Revi, who will turn 73 in a week, worked in the Dubai Defence Force until 1999, for almost 30 years (the Dubai and Abu Dhabi defence forces were unified to become the UAE Armed Forces). He left the UAE in 2013, after 46 years in the UAE, and is currently living with his wife Girija (65) in their hometown of Thrissur.
Studies and being independent
Ragi works in the banking sector and felt that her dad’s methods and the family’s lifestyle helped the three of them become independent in many ways. She said, “We were three girls and my dad made sure we were independent in every way… He taught us how to drive; again to save money, he took a teacher’s licence and taught two of us driving.” Bhindu, however, didn’t get driving lessons from her dad as the rules changed by the time she grew up.
“He pushed us to read books, save up money and then use that for picnics or for buying things we liked,” Ragi said. Bhindu added, “How much you could do with one dirham then cannot be compared to now… I still remember saving up one dirham and all the things you could get for that. Saving up one or two dirhams was a big deal for us kids back then.”
“I think a large part of him pushing us to read and study well was because he never got to complete his education. He loved studying, reading. He was a good student but his situation didn’t let him finish his schooling. He reiterated how important education was and I think that is why we kind of all become so independent because of his push.”
“Even when I had to go for my Master’s [degree] abroad, everyone was against it and even my mom was against it. But my dad made sure I was able to go. It was a lot of money again, I mean he was not a businessman, and it was all from his small savings,” she added. Bhindu is a research scientist in oncology and is settled in Cambridge, United Kingdom with her husband and two children.
Smitha, who works in HR in the insurance sector and currently lives in Ras Al Khor with her daughter, fondly remembered the family picnics. “They would take us for picnics, like to Abu Dhabi, it was a big deal for us going there. We used to make big pots of food and for us, the bus travel was very exciting with a lot of family friends. Each of the families would bring food and it is one of the best memories we have of our childhood,” she said.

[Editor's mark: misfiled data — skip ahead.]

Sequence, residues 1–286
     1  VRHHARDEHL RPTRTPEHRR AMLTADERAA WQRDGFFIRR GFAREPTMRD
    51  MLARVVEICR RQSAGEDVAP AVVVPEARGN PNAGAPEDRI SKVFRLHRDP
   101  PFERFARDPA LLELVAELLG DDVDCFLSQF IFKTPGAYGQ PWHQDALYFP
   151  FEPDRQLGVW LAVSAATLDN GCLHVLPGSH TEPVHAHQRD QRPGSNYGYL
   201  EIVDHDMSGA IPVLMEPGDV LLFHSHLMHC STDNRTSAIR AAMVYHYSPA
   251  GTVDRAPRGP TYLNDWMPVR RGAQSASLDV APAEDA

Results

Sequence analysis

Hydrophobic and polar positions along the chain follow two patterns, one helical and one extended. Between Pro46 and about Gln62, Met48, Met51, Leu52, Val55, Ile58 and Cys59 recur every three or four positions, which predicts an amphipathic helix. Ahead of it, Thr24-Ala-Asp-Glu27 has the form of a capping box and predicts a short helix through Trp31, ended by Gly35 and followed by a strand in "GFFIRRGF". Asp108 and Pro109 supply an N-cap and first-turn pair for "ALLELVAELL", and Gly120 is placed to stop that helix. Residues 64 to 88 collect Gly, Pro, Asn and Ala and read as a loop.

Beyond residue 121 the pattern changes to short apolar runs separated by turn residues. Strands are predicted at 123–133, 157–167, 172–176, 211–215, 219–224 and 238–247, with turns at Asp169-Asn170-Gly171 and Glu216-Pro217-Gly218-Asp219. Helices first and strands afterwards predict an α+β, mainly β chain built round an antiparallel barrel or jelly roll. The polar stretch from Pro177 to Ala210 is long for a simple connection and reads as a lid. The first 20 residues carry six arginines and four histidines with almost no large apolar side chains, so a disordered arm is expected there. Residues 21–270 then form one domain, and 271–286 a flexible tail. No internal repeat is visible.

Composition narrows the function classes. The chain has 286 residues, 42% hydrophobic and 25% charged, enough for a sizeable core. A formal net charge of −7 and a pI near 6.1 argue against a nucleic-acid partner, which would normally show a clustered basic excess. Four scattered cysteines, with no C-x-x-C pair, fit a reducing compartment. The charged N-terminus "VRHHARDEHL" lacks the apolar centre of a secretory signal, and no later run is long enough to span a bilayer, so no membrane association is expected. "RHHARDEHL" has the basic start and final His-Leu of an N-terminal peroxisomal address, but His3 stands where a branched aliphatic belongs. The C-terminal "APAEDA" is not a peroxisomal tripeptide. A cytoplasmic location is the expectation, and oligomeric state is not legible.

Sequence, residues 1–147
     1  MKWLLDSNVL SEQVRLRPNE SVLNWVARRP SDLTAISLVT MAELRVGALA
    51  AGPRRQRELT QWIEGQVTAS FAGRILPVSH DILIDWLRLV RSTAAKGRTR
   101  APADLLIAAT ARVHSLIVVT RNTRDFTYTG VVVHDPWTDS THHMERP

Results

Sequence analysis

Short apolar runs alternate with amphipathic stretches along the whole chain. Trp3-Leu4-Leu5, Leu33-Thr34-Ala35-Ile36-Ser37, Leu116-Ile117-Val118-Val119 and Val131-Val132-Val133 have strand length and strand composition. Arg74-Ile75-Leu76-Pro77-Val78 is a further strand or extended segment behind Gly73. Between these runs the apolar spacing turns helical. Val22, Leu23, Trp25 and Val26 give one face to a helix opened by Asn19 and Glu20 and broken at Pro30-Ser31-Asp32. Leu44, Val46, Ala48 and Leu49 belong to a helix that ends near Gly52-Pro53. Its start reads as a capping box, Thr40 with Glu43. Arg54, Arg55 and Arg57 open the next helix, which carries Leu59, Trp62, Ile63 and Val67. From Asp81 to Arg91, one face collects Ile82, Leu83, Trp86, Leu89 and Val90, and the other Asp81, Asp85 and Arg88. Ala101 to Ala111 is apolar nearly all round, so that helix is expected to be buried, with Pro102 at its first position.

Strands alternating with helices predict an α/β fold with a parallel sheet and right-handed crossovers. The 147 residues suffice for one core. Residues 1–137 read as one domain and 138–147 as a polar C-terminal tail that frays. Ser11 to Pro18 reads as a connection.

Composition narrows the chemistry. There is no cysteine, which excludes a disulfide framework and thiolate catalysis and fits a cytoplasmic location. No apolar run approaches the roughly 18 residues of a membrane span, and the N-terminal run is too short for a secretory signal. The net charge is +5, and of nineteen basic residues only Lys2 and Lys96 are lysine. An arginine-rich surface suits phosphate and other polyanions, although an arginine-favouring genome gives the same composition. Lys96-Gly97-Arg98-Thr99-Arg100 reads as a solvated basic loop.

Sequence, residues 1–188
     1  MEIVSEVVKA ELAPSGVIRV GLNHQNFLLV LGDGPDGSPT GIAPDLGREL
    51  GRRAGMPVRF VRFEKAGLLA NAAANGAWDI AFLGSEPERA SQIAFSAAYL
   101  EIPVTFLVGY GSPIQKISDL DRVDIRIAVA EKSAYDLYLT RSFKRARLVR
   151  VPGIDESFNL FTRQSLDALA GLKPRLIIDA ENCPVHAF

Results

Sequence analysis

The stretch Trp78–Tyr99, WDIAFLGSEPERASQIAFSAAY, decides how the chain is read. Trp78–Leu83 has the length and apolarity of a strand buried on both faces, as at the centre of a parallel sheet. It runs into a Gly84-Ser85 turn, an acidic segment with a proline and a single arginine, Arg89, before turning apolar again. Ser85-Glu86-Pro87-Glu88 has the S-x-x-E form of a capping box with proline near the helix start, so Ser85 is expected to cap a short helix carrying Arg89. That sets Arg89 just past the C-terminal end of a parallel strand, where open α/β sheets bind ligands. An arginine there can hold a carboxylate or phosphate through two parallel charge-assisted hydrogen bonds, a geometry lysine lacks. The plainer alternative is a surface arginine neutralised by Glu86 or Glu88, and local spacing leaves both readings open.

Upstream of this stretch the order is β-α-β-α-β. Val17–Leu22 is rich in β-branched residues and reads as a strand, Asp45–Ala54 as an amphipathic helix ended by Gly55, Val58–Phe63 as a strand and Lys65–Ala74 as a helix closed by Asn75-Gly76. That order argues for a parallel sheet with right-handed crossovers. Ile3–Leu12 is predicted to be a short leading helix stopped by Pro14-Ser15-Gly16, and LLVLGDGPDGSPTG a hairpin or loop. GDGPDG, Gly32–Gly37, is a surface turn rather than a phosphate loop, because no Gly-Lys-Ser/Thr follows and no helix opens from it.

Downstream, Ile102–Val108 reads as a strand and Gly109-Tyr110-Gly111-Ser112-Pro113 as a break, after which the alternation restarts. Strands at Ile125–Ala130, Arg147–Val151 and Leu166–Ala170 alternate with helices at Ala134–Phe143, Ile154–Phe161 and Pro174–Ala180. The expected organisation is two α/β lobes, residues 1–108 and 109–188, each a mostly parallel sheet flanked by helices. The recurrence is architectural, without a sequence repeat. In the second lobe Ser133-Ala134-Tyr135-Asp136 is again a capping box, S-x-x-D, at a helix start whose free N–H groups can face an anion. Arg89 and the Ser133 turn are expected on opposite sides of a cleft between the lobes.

The family, despite being in Dubai for so long, grew up following the cultural aspects of being Malayali. Smitha said, “We were brought up in a typical Malayali culture. My parents were quite focused on that.” Ragi laughed and interjected, “To the point that we were not allowed to cut our hair. Until all of us got married and left home, the only person who cut our hair was daddy. We never went to a salon.” During this time, Bhindu and Smitha were also trained in classical dance at a studio in Satwa.
Adjusting in Kerala
Ragi said that Revi still maintains his sustainable lifestyle in their hometown, not for saving money anymore but because he likes it that way. While there was an initial adjustment period that was difficult, the couple has settled in, she said.
“My mom was just around 20 when she came here with my dad, and we celebrated her 60th birthday just before they left for Kerala, so she spent two-thirds of her life here,” Ragi added.
Bhindu said, “After they left the first two years they came to the UK for periods of six months to help me as I was doing my PhD. And now after the initial adjustment period, they are better now. They are no longer the ’Dubai’ couple who returned.”
“We try to bring them things from the UAE like olive oil, my mom loves to make her own hummus with good quality oil. And milk powder… My parents also liked to have kebabs or grilled chicken occasionally when they were here, so I order it for them in Kerala,” Ragi said.
The next generation and cultural identity
Akhil Jinesh (22) is Ragi’s eldest son and he told Gulf News he had always felt that his cultural identity was more Emirati than anything else. The law student credited his grandfather’s life in UAE to a large extent for feeling connected to the country's culture in this way. Akhil’s tangible connection to his grandfather’s stories is an inherited stamp collection that Revi had kept updated since his arrival in UAE in 1967.
“It is this inherited stamp collection that continues to act as a reference point to the stories of everyone and everything that preceded me,” Akhil said. He also got an opportunity to share the story of his family and the stamp collection with UAE’s Minister of Culture and Youth, Noura bint Mohammed Al Kaabi.
Ragi said, “Having to move to India is something the children can never grasp. At least my parents lived a small part of their life in India before coming here. My children and I know no other place as home and I can’t imagine leaving.”